Then, Biderman told us of the progress that had been made on getting two bills moving in Congress to establish a National Seashore along the lines of the one recently established in Cape Cod. Senators Javits and Keating were sponsoring the Senate bill, while John Lindsay was sponsoring one in the House. He also reported that yet a second House bill was probably to be introduced by Congressman Otis Pike, a Democrat from Suffolk. (This was actually done in June 1963, and voted into the law to become the Seashore Act in 1964.)

The stage is set for July 10 at Jones Beach.

The meeting was to be in the modest sized marine dining room at Jones Beach. As many as 1,500 people were on hand to listen and speak. More than half could not gain entrance to the meeting room, and listened on loudspeakers outside.

The “Temporary Commission” had unanimously approved the Moses plan at a meeting on June 6th. Joseph Carlino started this four-hour meeting, and called on a long list of speakers. Road opponents had 90 minutes. Arthur Silsdorf of the Fire Island Voters Association talked about the virtues of turning all major undeveloped areas to a national seashore. This followed with FIVA-designated spokesmen Gil Serber, and George Biderman.

And then, Charles Collingwood, a well known TV personality came forth with his prepared speech. According to the New York Herald Tribune, Collingwood sprinkled his speech with quotes from “Alice in Wonderland” about the walrus and the carpenter weeping over sand. Then, as reported in The New York Times, Collingwood stated the following, which was referring to a 1938 letter from news correspondent Elmer Davis regarding Hitler’s taking over of the Sudetenland: “Mr. Moses wanted to save Fire Island ten years ago (1929), but luckily hard times came along and he didn’t have enough money to do it. Luckily, because he would save Fire Island the way Hitler is saving the Sudetenland – to the distress of many of its inhabitants.” Standing ovation.
This caused Moses to walk out of the meeting, and registered in headlines the following day. Even so, Moses was confidant that the Temporary Commission’s position would stand in September when the state legislature got back in operation. In fact, in August, the Suffolk County Board of Supervisors voted for it, and things seemed bleak.

There was one more hurdle to go. It yielded a surprise.

The FIVA now had the Moses plan in enough detail to analyze it. Very quickly it was discerned that most of the land to be traversed by the highway was to be placed into private development, not into parks for the public. Some of the areas to be developed were to be made available to those with homes eliminated by the road, but the major portion was to be opened for new development.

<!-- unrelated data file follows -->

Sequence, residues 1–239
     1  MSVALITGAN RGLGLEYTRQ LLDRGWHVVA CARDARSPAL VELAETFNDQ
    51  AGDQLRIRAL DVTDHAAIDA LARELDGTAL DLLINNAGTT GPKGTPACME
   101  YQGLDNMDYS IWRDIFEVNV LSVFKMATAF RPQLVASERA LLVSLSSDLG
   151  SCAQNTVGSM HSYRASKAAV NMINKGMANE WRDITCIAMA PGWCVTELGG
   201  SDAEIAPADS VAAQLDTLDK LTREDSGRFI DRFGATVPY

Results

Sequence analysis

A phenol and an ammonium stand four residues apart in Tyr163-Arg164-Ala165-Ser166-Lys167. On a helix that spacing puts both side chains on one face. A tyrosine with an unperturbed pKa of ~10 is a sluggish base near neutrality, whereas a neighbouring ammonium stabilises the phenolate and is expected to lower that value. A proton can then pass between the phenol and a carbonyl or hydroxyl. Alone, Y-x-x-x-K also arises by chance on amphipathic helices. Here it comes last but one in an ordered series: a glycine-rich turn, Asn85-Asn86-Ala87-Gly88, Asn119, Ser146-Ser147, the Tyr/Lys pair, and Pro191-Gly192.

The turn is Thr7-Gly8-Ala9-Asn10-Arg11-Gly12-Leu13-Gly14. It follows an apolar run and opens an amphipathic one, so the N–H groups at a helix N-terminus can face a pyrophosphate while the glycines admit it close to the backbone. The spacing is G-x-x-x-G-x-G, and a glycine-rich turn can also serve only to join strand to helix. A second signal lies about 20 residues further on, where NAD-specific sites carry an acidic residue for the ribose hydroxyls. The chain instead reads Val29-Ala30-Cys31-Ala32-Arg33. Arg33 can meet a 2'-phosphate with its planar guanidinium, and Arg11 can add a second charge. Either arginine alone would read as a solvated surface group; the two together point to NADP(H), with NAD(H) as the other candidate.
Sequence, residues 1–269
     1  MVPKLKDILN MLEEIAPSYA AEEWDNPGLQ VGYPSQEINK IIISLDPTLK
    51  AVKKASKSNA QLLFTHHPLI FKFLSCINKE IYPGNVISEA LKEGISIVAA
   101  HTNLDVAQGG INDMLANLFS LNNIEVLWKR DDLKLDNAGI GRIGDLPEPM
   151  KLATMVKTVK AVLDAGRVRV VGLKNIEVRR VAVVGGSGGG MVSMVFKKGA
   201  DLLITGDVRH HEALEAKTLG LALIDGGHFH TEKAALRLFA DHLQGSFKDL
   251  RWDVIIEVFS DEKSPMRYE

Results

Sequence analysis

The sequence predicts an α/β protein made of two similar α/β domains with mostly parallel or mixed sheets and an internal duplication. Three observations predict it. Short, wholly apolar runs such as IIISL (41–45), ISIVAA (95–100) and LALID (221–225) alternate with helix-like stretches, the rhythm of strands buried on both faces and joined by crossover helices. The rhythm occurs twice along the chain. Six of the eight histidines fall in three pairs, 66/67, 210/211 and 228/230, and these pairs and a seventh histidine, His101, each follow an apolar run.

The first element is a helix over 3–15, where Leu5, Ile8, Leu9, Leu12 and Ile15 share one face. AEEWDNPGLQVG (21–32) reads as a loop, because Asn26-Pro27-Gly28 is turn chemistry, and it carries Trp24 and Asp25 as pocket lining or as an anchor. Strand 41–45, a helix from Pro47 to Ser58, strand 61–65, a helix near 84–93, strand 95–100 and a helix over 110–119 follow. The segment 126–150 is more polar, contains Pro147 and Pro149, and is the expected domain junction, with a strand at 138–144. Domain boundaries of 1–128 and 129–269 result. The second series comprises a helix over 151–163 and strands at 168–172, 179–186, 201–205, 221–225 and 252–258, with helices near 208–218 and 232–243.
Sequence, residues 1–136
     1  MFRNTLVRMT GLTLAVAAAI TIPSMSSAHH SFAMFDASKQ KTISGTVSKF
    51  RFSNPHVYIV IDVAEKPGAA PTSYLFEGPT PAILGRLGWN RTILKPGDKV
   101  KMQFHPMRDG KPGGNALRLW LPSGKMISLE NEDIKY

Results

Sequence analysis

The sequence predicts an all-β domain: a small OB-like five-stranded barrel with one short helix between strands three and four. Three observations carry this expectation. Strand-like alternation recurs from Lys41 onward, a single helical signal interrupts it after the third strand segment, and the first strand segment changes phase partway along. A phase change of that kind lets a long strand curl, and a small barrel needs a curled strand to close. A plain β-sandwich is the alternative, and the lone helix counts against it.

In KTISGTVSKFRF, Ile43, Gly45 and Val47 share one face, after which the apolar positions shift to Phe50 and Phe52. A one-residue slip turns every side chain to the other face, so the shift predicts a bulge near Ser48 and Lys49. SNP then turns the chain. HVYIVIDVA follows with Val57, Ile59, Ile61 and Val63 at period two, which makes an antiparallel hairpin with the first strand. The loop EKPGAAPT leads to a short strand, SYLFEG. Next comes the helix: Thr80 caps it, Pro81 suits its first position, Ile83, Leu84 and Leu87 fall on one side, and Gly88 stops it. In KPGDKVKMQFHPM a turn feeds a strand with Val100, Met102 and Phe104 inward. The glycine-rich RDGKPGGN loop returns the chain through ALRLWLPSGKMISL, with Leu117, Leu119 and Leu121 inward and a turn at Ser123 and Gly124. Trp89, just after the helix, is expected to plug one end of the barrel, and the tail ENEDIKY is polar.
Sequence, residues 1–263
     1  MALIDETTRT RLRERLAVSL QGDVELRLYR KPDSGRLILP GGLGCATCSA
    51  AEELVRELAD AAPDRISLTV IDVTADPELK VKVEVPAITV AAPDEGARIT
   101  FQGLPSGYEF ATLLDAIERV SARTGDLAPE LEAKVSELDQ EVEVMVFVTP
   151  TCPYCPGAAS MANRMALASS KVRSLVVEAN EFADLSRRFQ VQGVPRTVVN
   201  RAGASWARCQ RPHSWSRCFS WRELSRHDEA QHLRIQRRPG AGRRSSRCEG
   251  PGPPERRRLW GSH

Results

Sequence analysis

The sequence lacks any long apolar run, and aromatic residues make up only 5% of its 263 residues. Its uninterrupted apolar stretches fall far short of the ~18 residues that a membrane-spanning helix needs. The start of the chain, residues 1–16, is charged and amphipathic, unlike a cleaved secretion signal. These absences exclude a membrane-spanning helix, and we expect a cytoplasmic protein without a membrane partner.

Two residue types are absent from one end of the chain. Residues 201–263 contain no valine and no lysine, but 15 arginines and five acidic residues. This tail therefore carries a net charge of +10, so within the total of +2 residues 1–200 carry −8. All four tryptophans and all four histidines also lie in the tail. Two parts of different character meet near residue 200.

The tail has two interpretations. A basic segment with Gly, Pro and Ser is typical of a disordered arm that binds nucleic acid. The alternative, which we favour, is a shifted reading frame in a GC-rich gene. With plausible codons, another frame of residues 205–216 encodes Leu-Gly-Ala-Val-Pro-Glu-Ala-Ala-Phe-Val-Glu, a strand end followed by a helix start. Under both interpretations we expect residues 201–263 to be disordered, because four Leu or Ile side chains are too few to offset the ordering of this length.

The idea developed then was to prepare a detailed report of this analysis, and then present it to Governor Nelson’s brother, Laurence Rockefeller, widely perceived as a conservationist. He was heavily involved with New York State parks.

It was not long thereafter that Governor Rockefeller asked Moses to resign from the New York State Council of Parks.

From that point on, the lobbying efforts of the Fire Island Association (evolved from FIVA), and many other affiliated groups such as the Citizens Committee for a National Seashore, based on the mainland, were much more effective. Interior Secretary Udall then added to his support of the Corps beach nourishment plan, and gave his full support to a new National Seashore.

Congressman Otis Pike of Suffolk introduced his version of a Seashore bill in June 1963. It was strongly supported by Secretary Udall, and that’s the bill to get enacted and signed into law in September 1964. This unique Act, unlike that of any other US National Seashore, embeds 17 communities – uniquely — right within the park.

Recent Interior Secretaries have not also supported the 1960 Corps plans for beach nourishment. Now, with Corps planners expected to offer us later this year a new sand restoration program, best suited for Fire Island and Long Island protection, this may change. For one thing, there is a new Interior Secretary in office now – his name is Dirk Kempthorne.

Hope has been springing eternal for residents around the Great South Bay since the Army Corps announced their intentions in1960. The Fire Island Association is alert, and may have another think-session at the Houser Hotel.

Copyright 2006 Robert H. Spencer